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New Years Eve COVID-19 cluster concerns

Fireworks over the Sydney Harbour. Photo: Pixabay


With New Years Eve just around the corner and a new COVID-19 cluster rapidly growing in Sydney’s Northern beaches, councils around Sydney have raised concern about gatherings of revellers.

In September, the City of Sydney handed the reins of the annual New Years’ Eve event on the Sydney harbour over to the NSW Government. Sydney’s Lord Mayor, Clover Moore, said it would be impossible for the council to manage the event under the public health orders. 

To maintain social distancing in the city the government will be restricting access to most parts of the CBD. Only residents who live inside these restricted zones, and those with confirmed bookings at venues, will be allowed into the area. Popular harbourside vantage points in the city will be closed to the public, with only those with tickets allowed to enter. 

But these restrictions, and police enforcement, do not extend beyond the CBD meaning revellers could flock to fireworks vantage points in the Inner West and Eastern Suburbs.

Following news of the growing northern beaches COVID-19 cluster, Inner West Mayor Darcy Byrne made a fresh call to the NSW Government to provide COVID-safe plans for all parks on the Sydney Harbour foreshore, not just those in the CBD and North Sydney.

“The outbreak on northern beaches demonstrates just how quickly a COVID-19 outbreak could take off on NYE as crowds flock to the harbour,” he said.

Mr. Byrne said 30,000 or 40,000 people crowding into small harbourside parks in the Inner West, with no limit on numbers and no contact tracing capacity, could be “a recipe for disaster”.

“Every year tens of thousands of Sydneysiders descend on Balmain and Birchgrove for the fireworks display,” he said.

“The Government has now incentivised everyone in Sydney who wants to see the fireworks to flood into our local parks, with no restrictions or directions, creating a large-scale public health risk.”

Mayor Byrne said that the NSW Government needs to consider the impact the CBD restrictions will have on surrounding areas and step up to put in place additional restrictions. But he says the government is “stubbornly refusing.”

“I fully support the strict measures the Government has put in place for the CBD and North Sydney, but they seem to have forgotten that this virus doesn’t stop at Council borders.”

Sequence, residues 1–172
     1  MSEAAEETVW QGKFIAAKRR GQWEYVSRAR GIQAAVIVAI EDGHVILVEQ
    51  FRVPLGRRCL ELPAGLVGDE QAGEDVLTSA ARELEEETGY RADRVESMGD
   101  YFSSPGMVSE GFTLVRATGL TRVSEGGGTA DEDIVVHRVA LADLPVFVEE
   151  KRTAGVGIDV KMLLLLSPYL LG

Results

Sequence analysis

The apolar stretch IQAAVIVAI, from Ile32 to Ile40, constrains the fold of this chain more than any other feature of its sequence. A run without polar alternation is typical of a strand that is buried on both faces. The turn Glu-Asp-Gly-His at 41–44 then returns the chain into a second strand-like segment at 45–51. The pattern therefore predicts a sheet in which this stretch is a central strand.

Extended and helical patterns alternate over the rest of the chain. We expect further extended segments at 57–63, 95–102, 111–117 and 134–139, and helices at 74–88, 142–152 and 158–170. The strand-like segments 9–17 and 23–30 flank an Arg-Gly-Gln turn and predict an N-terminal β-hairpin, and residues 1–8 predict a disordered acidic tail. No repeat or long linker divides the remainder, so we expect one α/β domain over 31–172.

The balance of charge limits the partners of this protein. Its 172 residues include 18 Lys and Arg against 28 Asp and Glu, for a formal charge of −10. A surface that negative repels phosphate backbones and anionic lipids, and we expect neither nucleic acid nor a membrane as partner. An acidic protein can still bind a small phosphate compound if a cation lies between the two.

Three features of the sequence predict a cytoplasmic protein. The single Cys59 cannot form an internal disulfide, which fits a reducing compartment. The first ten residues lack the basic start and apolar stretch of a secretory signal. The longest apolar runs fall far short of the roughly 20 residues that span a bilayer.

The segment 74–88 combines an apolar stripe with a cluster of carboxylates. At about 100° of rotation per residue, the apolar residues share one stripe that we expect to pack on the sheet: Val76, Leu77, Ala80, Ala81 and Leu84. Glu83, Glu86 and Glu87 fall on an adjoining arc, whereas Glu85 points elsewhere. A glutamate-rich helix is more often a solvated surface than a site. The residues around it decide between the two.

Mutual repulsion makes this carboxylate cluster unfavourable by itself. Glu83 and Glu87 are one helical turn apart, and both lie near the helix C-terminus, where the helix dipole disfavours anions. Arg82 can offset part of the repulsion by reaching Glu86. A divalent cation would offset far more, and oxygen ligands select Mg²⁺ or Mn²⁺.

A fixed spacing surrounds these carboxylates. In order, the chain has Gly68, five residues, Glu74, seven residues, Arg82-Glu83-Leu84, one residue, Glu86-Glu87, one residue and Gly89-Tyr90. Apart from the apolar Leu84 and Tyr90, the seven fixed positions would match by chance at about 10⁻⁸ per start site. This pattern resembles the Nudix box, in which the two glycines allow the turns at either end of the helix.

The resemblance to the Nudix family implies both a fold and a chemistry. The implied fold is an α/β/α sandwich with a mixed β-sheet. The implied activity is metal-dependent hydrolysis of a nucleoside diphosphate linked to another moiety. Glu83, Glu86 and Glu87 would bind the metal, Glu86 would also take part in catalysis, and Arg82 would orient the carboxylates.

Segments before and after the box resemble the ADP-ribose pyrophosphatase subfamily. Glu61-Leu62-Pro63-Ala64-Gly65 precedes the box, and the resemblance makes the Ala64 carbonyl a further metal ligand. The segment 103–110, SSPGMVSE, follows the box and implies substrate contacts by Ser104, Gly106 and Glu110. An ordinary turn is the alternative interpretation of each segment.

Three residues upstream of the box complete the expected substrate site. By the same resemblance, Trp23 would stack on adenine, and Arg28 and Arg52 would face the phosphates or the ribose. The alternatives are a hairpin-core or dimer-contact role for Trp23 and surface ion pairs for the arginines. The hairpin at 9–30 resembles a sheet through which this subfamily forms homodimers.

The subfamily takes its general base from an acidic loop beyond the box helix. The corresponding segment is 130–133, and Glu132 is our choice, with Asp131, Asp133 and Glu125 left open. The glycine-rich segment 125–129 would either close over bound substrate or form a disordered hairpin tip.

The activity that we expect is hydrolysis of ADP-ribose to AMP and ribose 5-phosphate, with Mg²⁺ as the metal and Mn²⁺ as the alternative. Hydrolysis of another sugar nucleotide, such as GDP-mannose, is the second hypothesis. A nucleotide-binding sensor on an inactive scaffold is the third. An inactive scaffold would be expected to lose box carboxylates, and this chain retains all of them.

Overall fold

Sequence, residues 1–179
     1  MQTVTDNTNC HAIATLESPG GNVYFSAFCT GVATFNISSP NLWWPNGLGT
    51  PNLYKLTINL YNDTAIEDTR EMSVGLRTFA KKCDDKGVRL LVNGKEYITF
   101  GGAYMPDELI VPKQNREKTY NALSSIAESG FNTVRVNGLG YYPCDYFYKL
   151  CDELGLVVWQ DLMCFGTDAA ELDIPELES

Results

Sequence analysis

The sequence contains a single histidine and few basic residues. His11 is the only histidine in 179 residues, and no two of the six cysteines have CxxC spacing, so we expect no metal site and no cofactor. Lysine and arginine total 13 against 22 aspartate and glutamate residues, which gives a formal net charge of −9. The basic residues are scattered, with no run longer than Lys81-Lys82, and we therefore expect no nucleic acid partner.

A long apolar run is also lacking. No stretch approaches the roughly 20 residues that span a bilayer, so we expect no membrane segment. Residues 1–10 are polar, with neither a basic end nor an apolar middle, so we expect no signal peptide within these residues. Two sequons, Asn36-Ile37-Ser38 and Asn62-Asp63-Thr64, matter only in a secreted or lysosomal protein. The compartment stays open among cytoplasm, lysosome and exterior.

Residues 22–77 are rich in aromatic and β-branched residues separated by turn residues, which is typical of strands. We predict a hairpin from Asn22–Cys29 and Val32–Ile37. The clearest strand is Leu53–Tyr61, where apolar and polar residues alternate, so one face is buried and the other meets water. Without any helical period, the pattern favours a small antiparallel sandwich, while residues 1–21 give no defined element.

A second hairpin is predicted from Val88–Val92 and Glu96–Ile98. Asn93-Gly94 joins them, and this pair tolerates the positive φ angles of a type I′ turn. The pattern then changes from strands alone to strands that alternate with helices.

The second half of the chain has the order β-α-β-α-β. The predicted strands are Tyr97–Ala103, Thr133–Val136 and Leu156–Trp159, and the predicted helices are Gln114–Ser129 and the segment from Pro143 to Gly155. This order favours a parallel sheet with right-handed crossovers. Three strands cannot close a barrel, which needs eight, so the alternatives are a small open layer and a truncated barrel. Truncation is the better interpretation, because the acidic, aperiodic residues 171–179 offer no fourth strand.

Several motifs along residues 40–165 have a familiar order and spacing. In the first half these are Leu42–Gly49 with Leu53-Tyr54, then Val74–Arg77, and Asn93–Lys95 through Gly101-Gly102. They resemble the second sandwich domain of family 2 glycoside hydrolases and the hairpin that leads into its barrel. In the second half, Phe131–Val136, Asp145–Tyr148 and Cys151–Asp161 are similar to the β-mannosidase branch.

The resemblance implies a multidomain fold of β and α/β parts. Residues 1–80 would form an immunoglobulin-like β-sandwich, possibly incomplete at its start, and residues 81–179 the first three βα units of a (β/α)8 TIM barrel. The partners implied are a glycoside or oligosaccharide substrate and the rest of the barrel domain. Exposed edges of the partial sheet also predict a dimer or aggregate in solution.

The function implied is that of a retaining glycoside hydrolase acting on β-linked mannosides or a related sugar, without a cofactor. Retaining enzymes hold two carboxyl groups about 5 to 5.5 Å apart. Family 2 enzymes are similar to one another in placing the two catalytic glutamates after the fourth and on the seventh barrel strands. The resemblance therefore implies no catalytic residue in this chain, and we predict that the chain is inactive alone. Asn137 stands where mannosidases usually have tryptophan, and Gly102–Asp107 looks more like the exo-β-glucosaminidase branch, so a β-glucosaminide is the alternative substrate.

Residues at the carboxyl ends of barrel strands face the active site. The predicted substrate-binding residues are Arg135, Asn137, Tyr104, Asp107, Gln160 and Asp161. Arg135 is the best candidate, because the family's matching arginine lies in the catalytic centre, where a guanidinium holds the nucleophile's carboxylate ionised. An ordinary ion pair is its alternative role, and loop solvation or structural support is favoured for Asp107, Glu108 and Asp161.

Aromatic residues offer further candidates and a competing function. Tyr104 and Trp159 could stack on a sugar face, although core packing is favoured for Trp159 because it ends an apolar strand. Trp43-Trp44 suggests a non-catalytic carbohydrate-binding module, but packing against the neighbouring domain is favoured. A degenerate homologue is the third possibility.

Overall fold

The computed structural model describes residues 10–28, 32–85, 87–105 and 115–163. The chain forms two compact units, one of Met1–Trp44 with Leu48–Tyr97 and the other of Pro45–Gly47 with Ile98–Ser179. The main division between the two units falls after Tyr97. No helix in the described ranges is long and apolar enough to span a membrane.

Waverley NYE events cancelled

Meanwhile in Sydney’s Eastern Suburbs, the Waverley council has decided to cancel a popular New Year’s Eve event in Dover Heights due to COVID-19 safety concerns. After consulting with Police, Waverley Council decided to cancel its event at Dudley Page Reserve.

Last year the family event which had a free jumping castle, face painting, playground, DJ, music and dancing drew in hundreds. 

This year the reserve will be fenced off and police and council officers will be patrolling the site throughout the afternoon and evening to stop any large gatherings or anti-social behaviour including alcohol consumption. Caffyn Park in Dover Heights will also be fenced off and closed. 

Mayor of Waverley, Paula Masselos, said the decision to cancel the event was based on a number of factors including the cancellation of 9pm Sydney Harbour fireworks and the reduced fireworks display at midnight. The challenges presented by hosting a public event requiring people to be seated at all times also factored into the event’s cancellation.

“While an upcoming change to the NSW Public Health Order will permit up to 3000 people to be in a ‘controlled outdoor space’, Dudley Page Reserve cannot safely accommodate this number of patrons with adequate physical distancing,” Mayor Masselos said in a statement.

Mayor Masselos said the council consulted with police on whether the event should go ahead and all parties agreed cancelling the event was the “safest option”. She hopes when restrictions are eased, and the COVID-19 risk has been mitigated, the community will be able to come together to celebrate

“2020 has undoubtedly been one of the most challenging years in living memory,” she said.

“And while we all want to let our hair down a little, we need to comply with Public Health Orders and continue to reduce the risk of community transmission of COVID-19 through our behaviours so that we can return to some sort of normalcy in the very near future.”

The cluster of COVID-19 cases associated with the northern beaches outbreak in NSW grew to 27 cases on Friday.

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